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an earlier post regarding my distaste for momentum markets and reluctance to buying new highs, I should admit I actually tend to start looking for ways to establish short or bearish positions when markets enter these types of straight-line run-up conditions. Standing in front of a runaway train can be a very dangerous and unprofitable game. That is why my first rule is to limit risk by using options.
Within that framework, I tend to look at using call-credit spreads, which are bearish, and establishing a stop-loss level based on the underlying stock price. By selling a call spread for a credit, two items work in your favor: Because the position benefits from time decay, it can still turn a profit if the stock remains flat or moves even moderately higher. Using a spread, which is a limited-risk position, establishes a natural stop, or maximum loss. Also, the spread, as a simultaneous purchase and sale of similar options, mitigates the impact of changes in implied volatility which, during earnings season, can be quite dramatic.
But since most credit spreads offer a higher maximum risk than reward, I also like to set up a stop-loss for exiting the position based on the price of the underlying shares. On the other side, as far as taking profits, I use a rule of thumb of taking profits once the position has achieved around 75% to 80% of the maximum profits.
A Steely Example
Let's look at an example of how this might work. Earlier in the week,
I mentioned that I thought steel stocks, such as
, were looking overbought, and I was looking to set up a bearish position. On Tuesday, I pulled the trigger on one of the names for the Option Alert Model Portfolio, but because the position is still open, we'll use an "XYZ" example to illustrate the call-credit spread strategy.
Assume XYZ was trading around $71 per share. One could sell the May 70 calls for $3 and buy the May 75 calls for $2 net credit for the spread. The maximum loss would be $3, or $300, per contract spread if shares of XYZ were above $75 on the May 8 expiration date. The maximum profit is $2, or $200, per contract spread if the shares are below $70 at expiration. But note that the position can actually turn a profit if the shares remain at $71, or even rise to $71.99, (excluding commissions of course) at expiration.
To further reduce my risk, I will initially set a mental stop-loss that if the stock rises above $74, I'll close the position. If this occurs within the next two weeks, the value of the spread will increase to approximately $3.50, meaning I incur a $1.50 loss. Setting that stop loss tilts the position to a more favorable risk/reward.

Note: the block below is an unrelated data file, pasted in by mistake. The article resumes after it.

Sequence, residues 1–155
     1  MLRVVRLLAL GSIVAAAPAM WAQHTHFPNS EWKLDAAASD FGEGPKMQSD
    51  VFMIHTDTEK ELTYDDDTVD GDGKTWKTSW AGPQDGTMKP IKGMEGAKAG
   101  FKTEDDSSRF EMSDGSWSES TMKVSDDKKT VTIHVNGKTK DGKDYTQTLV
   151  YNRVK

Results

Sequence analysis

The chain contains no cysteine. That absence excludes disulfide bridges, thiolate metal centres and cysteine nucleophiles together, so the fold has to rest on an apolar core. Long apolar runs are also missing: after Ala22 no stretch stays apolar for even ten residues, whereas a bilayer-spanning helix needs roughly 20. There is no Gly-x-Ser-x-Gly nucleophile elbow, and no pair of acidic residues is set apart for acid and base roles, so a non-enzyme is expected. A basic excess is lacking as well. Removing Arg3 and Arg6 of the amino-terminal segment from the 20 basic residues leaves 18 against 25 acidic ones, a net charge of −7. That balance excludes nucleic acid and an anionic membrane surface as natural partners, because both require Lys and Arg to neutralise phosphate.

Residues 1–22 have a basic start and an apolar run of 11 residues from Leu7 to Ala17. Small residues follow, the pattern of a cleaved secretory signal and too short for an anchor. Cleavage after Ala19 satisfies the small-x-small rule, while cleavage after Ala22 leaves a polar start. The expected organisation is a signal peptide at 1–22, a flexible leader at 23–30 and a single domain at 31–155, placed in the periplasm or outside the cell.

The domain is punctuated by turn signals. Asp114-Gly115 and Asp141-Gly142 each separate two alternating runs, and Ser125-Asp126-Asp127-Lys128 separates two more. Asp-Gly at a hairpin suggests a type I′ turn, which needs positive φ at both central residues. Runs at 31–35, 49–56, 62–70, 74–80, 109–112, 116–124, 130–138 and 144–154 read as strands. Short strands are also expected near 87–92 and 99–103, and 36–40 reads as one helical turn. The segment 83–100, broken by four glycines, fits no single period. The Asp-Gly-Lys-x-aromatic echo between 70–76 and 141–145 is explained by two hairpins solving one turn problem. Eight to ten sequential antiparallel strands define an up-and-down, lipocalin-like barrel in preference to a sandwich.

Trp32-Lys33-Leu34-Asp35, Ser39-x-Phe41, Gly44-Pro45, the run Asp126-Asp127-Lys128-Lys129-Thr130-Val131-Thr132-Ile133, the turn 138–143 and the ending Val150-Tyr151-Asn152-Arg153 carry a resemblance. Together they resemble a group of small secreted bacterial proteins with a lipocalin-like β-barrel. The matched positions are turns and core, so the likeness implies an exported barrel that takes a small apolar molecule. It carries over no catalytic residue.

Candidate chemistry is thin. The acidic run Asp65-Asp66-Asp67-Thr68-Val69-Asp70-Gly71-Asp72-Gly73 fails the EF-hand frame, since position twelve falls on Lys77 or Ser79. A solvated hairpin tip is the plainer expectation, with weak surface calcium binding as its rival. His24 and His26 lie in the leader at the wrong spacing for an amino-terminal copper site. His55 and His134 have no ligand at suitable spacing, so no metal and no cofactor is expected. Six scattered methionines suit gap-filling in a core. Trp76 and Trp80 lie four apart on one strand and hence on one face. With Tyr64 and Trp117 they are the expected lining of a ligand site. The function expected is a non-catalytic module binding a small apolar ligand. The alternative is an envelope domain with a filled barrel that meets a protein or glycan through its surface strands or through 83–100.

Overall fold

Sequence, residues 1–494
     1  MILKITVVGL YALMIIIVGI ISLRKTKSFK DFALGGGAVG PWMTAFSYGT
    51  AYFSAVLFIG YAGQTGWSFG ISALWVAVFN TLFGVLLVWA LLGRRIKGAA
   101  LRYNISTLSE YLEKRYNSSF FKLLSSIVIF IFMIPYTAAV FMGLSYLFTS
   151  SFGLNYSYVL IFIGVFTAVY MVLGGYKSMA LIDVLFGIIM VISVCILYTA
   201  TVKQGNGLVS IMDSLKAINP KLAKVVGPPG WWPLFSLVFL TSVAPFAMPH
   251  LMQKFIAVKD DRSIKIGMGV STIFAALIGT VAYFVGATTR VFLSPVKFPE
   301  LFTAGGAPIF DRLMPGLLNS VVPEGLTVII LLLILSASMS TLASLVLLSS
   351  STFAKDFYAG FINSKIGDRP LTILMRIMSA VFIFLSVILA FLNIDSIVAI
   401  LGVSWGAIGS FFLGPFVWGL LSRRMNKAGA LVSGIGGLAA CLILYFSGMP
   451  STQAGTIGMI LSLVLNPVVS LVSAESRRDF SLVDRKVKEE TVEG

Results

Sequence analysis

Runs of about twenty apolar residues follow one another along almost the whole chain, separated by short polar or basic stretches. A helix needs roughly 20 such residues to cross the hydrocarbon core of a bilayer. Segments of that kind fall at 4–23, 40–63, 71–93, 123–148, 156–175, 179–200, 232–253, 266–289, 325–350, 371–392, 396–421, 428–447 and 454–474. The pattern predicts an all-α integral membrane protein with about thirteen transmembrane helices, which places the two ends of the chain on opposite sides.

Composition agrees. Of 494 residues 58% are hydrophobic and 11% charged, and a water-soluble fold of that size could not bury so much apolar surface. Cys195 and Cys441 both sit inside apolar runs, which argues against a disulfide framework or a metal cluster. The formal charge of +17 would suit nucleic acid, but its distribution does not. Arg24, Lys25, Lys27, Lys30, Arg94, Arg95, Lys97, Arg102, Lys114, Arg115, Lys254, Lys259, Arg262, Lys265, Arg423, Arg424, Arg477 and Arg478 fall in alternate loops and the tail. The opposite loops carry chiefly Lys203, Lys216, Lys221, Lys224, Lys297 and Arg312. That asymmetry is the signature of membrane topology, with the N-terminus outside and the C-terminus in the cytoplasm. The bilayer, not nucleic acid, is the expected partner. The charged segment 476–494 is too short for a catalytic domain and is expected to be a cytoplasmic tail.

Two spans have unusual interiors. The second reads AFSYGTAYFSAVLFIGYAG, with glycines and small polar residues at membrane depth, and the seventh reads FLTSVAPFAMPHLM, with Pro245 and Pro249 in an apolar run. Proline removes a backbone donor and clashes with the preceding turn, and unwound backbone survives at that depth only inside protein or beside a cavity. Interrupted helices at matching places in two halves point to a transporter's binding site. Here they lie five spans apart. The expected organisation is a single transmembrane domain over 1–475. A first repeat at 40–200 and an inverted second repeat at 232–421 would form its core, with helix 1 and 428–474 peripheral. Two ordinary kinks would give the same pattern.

But as time moves toward expiration, the higher long call with the higher strike price, in this case the $75 call, will offer less protection as time decay depresses its value and delta, that is, its ability to increase in value as the stock rises. For this reason, once the position is two weeks from expiration, I would lower the stop-loss to a price at or just above the breakeven point, in this case, $72 per share.
You Got the Silver
Now to the good side, taking profits. Assuming a flat stock price, meaning XYZ remains around $70 per share, just as risk increases as expiration approaches, reward diminishes. This is the reason for my "taking profits at 75% to 80% of maximum profits" rule above, in which I'll close the position at that point, regardless of the time frame.
In this case, it would mean buying back to close the spread for a net 50 cents for the spread. So, basically we end up with a position that has a one-to-one risk/reward; make a $1.50 or lose $1.50, an even money play. At that point in time, the short options' delta will start to approach 1.0 and make the position equal to just being outright short the stock.
An even-money play may not seem exciting, but consider yourself the casino in this case, in which the house takes its
for accepting the risk of paying a large payout. In this case, thanks to time decay, and hopefully being right on your directional bet, you get to scrape all chips off the table for taking on the other side of the bullish trade and handling the action.
Steven Smith writes regularly for TheStreet.com. In keeping with TSC's editorial policy, he doesn't own or short individual stocks. He also doesn't invest in hedge funds or other private investment partnerships. He was a seatholding member of the Chicago Board of Trade (CBOT) and the Chicago Board Options Exchange (CBOE) from May 1989 to August 1995. During that six-year period, he traded multiple markets for his own personal account and acted as an executing broker for third-party accounts. He appreciates your feedback;
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